Laurene Hynson

Sweet Maple Café


Laurene Hynson is the owner of Sweet Maple Café in Little Italy/University Village.

How did you end up owning a successful breakfast restaurant?

Sweet Maple Café happened quite by happenstance. I wasn’t looking for a restaurant when I found it; I was actually looking for investment property. On that particular day in 1999 I didn’t find anything I was interested in, but my realtor indicated that this space down the street was available. So we walked down the street, took a look at it, and I thought it had some potential for a restaurant. So I put $500 down as a hold on the space.

I had a one year lease. The owner of the property was Annette Mategrano, she owned Scafuri Bakery next door. At one time she had owned several restaurants on the street, but by the time that I opened she was in her 80s and it was getting to be too much for her. She had rented this space to someone who skipped out on the lease. And when I saw the space it was pretty dismal, there was just a package of Roman Meal bread on a table.

It was a great deal for me. This is the original furniture, she left all of the equipment in the kitchen, I even had the plates and the flatware. Everything was here for me, so I just did a little cosmetic work. It was easier to make the place look older than it was, instead of spending a lot of money making it look new. I hired a starving-artist type and he did the faux painting on the walls. People think of it as peeling paint, but really I paid for this! There wasn’t a lot of capital investment for me coming in.

And here I am, almost sixteen years later.

What did you do before you became a restaurateur?

I worked for years in corporate America, sales and marketing and some other things. At the time, I was at home taking care of my children; I was a stay-at-home mom. My daughter was three and my son was six. I was doing that, and a little real estate rehabbing, so I was looking for a project. The restaurant opportunity presented itself on that day, and here I am.

What makes Sweet Maple Café stand out from other breakfast places?

My meals are prepared from scratch. We don't have powdered eggs. We're cracking eggs, we're chopping vegetables. Everything is fresh. And every order is prepared to order. That requires a lot of detail. I like to say: I want people to feel like someone who loves them made them breakfast. One of the benefits of having very stable staff is they know what customers like. Everything is right in front. The kitchen is not off in the back somewhere; my guys can look out in the dining room and know who's sitting out there. They know that table three likes their eggs a particular way. There's a level of intimacy that we're able to achieve because we have such consistent staff, and because our patrons are so consistent. The people that eat here, some of them eat every day. It just works for us.

Yeah, I don't do a lot of trendy stuff. I try to do homestyle breakfast that people can eat everyday. My menu is broad enough and the selection is varied enough that that you can eat something different and still enjoy it on a regular basis.

You’ve met with a lot of success. Why do you think that is?

I think I offered the right product at the right time. This community has been in transition for some period of years, and I’ve been a part of that change. My husband and I have lived in the area for about twenty-five years. We live in Tri-Taylor, a little bit farther west. We’ve seen a lot of change over the years; we’ve seen them tear down the projects that were across the street and there’s been a lot of real estate development.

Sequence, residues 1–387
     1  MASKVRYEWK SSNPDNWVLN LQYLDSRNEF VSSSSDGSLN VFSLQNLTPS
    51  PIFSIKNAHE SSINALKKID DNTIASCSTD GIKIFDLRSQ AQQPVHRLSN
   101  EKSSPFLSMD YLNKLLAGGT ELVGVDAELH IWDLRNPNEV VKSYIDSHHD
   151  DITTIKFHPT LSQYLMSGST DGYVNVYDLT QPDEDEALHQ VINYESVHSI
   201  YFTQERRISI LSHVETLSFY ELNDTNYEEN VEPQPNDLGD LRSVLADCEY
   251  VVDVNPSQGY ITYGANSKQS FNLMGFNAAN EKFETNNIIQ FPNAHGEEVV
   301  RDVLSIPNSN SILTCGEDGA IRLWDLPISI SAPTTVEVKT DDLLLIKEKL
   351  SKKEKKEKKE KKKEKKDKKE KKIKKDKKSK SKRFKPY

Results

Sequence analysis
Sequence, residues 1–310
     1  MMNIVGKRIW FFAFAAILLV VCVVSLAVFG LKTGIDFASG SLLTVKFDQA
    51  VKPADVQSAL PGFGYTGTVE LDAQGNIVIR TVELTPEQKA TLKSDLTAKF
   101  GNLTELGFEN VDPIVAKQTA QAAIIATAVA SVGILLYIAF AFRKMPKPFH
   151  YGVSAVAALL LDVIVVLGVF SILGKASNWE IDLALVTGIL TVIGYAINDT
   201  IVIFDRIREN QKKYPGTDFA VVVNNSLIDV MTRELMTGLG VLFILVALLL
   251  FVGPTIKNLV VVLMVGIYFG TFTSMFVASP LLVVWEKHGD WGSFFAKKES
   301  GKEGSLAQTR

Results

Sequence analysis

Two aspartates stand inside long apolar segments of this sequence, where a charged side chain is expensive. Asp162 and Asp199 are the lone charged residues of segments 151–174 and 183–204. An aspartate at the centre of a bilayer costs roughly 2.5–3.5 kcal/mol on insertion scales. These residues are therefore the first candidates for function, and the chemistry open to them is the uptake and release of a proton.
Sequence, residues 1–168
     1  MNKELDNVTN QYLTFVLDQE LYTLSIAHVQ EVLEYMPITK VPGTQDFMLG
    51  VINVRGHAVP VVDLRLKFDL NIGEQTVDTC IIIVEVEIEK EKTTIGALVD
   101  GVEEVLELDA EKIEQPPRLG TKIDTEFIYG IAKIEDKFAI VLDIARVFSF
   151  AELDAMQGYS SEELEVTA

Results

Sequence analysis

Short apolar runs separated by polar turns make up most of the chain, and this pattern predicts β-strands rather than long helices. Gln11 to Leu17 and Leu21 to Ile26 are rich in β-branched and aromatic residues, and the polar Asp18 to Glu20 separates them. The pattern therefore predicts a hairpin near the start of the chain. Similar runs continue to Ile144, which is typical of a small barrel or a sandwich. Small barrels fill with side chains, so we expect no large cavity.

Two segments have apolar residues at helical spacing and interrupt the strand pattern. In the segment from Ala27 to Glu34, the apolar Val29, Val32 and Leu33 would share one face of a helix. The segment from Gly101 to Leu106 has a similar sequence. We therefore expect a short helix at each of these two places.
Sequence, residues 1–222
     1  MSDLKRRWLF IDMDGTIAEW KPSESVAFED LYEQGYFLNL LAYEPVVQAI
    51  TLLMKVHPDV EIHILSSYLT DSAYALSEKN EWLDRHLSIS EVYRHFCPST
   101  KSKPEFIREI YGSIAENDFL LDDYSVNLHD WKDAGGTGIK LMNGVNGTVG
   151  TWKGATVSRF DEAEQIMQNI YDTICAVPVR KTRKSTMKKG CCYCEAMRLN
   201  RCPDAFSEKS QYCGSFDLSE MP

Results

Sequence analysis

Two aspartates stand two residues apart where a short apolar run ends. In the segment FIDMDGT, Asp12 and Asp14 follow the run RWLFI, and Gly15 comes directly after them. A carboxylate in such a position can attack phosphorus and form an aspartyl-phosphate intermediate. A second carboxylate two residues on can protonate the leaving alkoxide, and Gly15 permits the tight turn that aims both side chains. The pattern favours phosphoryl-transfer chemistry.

I sit here between UIC and the hospital complex, so there’s a lot of traffic into the community on a daily basis. So many people are coming in to work, or to school, or to the hospital. It’s been a great location for me, and I think that I’ve offered an environment and a venue and an experience that people really enjoy.

Little Italy seems like a misnomer at at this point.

Now they don’t even call it Little Italy anymore, it’s University Village, which is probably more appropriate at this stage. It’s a very interesting little pocket.

Opening the restaurant: what did you find really enjoyable, and what did you find frustrating?

It was interesting because I didn’t have a background in restaurants at all. I’d never worked in a restaurant. When I opened I did have a partner who had some experience with a café, and that was helpful. But I looked at it not with the eyes of a restaurateur but from the point of view of the guest. Though I’d never owned a restaurant, I had certainly eaten at many restaurants. I wanted to give people the kind of experience that I had enjoyed. I write the recipes for the restaurant. I’m a home cook, I’ve cooked since I was a child. It was like opening my home every day for this party. I've always looked at it that way, and that’s worked for me.

Staffing can be a problem at times, but many of the employes that I have now I've had since the beginning back in 1999 and 2000. The guys in the kitchen, some of them have been with me since we opened, and a lot of the servers started as teenagers. They were students at UIC and now they're married with children. They have full time jobs elsewhere, but they still come back two or three times a month to see each other because they grew up in the restaurant.

It's a family in the restaurant, and the customers are included in that. They've been dining at Sweet Maple Café since I opened. I've watched their kids grow up, and some of them have come to work at the restaurant. It's been a great experience, it really has.

How has the experience changed for you over time?